Remembering those lost in a senseless act of violence.

That is the objective of a memorial erected at Harris Court Park in Bean Station. It was the Girl Scouts Gold Award project for 2020, created by Avery Carper, a senior at Grainger County High School in Rutledge, to honor the victims of the Down Home Pharmacy shooting more than six years earlier.

Less than six percent of Girl Scouts earn the Gold Award, and Carper is proud to join such select company.

“My Gold Award project was something that had to be community-based,” said Carper, who has been a Girl Scout since 2008. “(The shooting) had a huge impact on the community as a whole.

“Having something permanent to honor them would be something special.”

Located near the gazebo in the park is a small slate sidewalk leading to a 200-pound black bench on a concrete base bearing the names of pharmacy owner Stephen Lovell, of Morristown, and customer Richard Alexander Sommerville, who were killed in the May 23, 2013 shooting. Gravel surrounds the bench and the sidewalk to complete the project. A large rock to the right of the memorial boasts Carpen’s Gold Award.

Solar lights will be installed in the future to illuminate the memorial at all times.

A pair of pumpkins rest at each base of the bench with yellow day lilies in between the pumpkins. The lilies return every year – a perfect metaphor to honor the men who died on that day.

“I think it looks amazing,” said Carper, who shared membership in the congregation at Central United Methodist Church with Sommerville. “I hope (the memorial) leaves as much of an impact on the community as it left on me making it.”

Over 180 hours were spent on the project from conception to completion. With guidance from Girl Scouts project advisor Jennifer Gentry, Carper and her mother Gina made phone calls and sent e-mails looking for volunteers, landscape designers and construction experts to help with the undertaking.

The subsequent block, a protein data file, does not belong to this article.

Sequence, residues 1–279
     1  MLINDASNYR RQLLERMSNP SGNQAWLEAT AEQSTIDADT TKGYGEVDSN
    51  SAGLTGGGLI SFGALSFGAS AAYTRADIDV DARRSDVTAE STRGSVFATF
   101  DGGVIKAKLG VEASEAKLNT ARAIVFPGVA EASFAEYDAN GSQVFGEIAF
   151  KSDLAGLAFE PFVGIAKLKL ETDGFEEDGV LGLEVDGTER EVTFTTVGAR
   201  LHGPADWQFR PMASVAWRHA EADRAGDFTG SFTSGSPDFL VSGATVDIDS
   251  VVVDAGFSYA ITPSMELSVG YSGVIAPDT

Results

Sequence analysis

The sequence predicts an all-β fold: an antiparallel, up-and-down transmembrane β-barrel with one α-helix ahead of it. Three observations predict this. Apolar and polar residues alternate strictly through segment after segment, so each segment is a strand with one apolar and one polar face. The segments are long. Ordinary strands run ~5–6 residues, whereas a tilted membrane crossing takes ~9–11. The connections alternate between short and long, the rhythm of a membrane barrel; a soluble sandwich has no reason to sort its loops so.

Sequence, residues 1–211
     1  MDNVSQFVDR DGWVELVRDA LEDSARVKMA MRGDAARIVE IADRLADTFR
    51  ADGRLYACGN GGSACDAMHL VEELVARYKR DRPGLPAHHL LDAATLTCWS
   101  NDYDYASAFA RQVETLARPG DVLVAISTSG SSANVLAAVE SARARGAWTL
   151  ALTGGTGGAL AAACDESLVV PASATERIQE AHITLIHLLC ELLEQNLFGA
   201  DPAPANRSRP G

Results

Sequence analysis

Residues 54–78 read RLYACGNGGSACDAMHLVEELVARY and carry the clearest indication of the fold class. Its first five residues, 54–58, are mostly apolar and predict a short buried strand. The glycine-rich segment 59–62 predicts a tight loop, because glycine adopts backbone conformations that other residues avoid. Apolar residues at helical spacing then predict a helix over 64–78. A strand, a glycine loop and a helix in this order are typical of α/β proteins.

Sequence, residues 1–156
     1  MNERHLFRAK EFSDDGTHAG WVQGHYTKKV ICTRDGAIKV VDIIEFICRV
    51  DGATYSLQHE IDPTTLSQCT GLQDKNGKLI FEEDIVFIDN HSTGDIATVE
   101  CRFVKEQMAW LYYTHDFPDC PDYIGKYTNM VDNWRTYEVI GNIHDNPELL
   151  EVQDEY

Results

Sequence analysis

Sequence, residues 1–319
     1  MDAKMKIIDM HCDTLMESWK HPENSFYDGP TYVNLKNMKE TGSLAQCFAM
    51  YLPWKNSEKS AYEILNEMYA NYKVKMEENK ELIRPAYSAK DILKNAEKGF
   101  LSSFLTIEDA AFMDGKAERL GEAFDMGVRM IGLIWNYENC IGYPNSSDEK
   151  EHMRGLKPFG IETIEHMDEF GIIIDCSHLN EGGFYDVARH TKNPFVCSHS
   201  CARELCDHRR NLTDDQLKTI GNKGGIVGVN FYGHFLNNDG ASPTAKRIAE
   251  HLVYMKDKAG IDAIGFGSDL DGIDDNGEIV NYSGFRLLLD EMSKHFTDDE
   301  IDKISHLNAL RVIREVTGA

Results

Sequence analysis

However, the project really got going when Ronnie Lovell, brother of one of the victims, approached his employer Kenny Noah, owner of Southeast Industrial Construction, for a donation. Upon learning of Carper’s project, Noah financed the entire memorial construction, turning a blank canvas into the final result.

“She had the dream. I had the tools, and that’s how we got to where we are now,” Noah said. “It looks great, and she should be very proud of it.

“I’m happy to be a part of it with her.”

The torrential rains of late winter in the Lakeway Area delayed construction of the project. Carper and Noah had to wait for drier weather to begin construction in April.

“We had to wait for the rain to cut down, then we started pouring the concrete when it dried up,” Carper said. “We had to make sure the ground wasn’t still soft when we put the concrete down.”

Two others were critically injured in the violence, perpetrated by a man who came to the pharmacy looking to rob the establishment of oxycodone pills. The man, Jason Bryan Holt plead guilty on Oct. 1, 2013 to two counts of first-degree murder and two counts of attempted first-degree murder and sentenced to life in prison without the possibility of parole.

Despite financing and building the memorial to those lost, Noah told Carper she deserves all the credit.

“We try to give back to the community as much as we can,” Noah said. “You had a lot to do with it – and this is your project.”